The Nightmare

The Nightmare

Rodney Ascher’s 'The Nightmare' tells intertwining stories of when sleep goes horribly wrong. And it doesn’t take much to throw off this fragile internal equilibrium. The docu-horror film profiles a group of people who suffer from sleep paralysis, a sleep disorder caused by the release of an extra hit of melatonin that renders a person — the victim, if you will — completely paralyzed when they regain their senses. For most, the paralysis quickly fades and all motor control returns at once. Hyperawareness of bodily functions is an unsettling symptom of this sleep disorder, the body horror inherent — synapses firing, adrenaline pumping, labored breathing. A subset of people who experience this disorder also experience intense, vivid hallucinations in this liminal stage between their sleep state and consciousness. Often, these people report visitations from menacing “entities” who torment them in their bedrooms (check out the preserved comments sections on reviews of the movie and you’ll see how pervasive this disorder apparently is). “This is the story of eight people and what waits for them in the darkness,” reads the movie’s opening title card, which is an elegant descriptor that hints at how 'The Nightmare' grapples with this rather abstract topic: it succinctly, evocatively states its focus, primes the audience’s horror receptors, and subtly ascribes a nefarious intentionality on the hypnopompic hallucinations.

Documentaries that depict horrors are a dime a dozen; those that function as bona fide horror movies, using startling imagery and tried-and-true genre techniques, are few and far between. 'The Nightmare' (neck and neck with 'Cropsey,' maybe) is one of the most often cited modern exemplars of movies that effectively crossbreed documentary and horror. Because 'The Nightmare,' at its core, is a documentary, it warps how these horror techniques and themes operate. As in 'Room 237,' his debut feature-length documentary, which presents various unorthodox fan theories surrounding 'The Shining,' Ascher — who has become a leading-but-divisive pop documentarian in recent years — doesn’t set out to pierce the bubble of his subjects’ world. He locks into their stories and worldviews and delivers their experiences, perspectives, and rationalizations wholesale. And he always filters it through a pop-culture lens, where fringe psychologies are tied to the movies we watch and the common images that rattle around in the cultural consciousness. Whereas 'Room 237' was an elaborate video essay, 'The Nightmare' gives over much of its time to haunting recreations of the waking nightmares its subjects describe, repeatedly, in detail. These visions range from hokey to genuinely chilling, and so Ascher reflexively inspects this fine line. As with many horror movies, your mileage may vary. But, with that documentary framework in place, 'The Nightmare' skirts a real-world plane of terror that other similar horror films — its namesake 'A Nightmare on Elm Street,' the wonderfully nuts Christopher Walken movie 'Communion,' and 'Insidious' are namechecked — can only pantomime.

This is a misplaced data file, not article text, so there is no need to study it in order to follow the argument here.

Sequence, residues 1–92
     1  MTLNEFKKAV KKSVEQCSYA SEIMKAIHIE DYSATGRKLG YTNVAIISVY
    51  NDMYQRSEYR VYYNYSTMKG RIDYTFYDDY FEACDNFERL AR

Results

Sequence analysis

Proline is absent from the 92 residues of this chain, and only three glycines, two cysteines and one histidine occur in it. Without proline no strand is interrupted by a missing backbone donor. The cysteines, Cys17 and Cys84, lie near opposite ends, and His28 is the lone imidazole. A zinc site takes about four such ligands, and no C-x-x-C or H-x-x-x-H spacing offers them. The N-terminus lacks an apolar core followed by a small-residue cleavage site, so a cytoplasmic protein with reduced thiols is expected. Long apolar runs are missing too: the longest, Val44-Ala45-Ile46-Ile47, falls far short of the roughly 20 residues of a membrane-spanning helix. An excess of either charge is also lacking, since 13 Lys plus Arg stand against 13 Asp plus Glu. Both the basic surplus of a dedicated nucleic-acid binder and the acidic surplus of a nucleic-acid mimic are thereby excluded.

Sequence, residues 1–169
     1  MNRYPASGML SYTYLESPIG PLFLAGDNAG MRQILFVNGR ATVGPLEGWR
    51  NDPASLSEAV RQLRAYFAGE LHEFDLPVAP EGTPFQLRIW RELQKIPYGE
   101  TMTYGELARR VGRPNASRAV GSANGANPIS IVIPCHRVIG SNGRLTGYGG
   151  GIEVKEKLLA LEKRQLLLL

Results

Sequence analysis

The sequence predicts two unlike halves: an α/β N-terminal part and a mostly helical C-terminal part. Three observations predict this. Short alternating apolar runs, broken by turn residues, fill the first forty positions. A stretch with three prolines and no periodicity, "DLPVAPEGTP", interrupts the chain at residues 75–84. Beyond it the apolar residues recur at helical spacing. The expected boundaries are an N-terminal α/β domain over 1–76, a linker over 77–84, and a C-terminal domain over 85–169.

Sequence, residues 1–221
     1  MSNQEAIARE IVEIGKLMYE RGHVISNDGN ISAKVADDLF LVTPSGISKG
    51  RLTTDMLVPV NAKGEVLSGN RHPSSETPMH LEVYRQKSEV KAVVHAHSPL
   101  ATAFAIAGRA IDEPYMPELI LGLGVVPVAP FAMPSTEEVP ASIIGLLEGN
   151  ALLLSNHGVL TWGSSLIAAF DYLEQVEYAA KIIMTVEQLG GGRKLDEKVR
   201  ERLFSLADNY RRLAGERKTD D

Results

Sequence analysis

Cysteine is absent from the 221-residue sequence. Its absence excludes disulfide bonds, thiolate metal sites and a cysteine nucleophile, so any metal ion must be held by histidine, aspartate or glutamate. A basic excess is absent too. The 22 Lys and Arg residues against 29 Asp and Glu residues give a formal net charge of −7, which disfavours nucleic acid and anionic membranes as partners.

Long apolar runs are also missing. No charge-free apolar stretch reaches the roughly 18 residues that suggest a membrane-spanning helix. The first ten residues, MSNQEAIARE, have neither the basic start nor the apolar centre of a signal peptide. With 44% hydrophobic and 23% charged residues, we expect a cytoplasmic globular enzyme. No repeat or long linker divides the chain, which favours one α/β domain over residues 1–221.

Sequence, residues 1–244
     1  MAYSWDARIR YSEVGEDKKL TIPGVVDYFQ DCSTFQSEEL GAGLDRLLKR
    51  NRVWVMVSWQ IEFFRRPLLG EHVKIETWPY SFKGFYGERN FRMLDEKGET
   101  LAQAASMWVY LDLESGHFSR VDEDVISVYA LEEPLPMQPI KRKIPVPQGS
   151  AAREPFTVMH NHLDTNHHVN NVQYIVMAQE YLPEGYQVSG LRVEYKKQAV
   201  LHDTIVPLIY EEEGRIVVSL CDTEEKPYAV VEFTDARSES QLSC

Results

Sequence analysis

Oliver O’Sullivan covers the documentary for October Horror!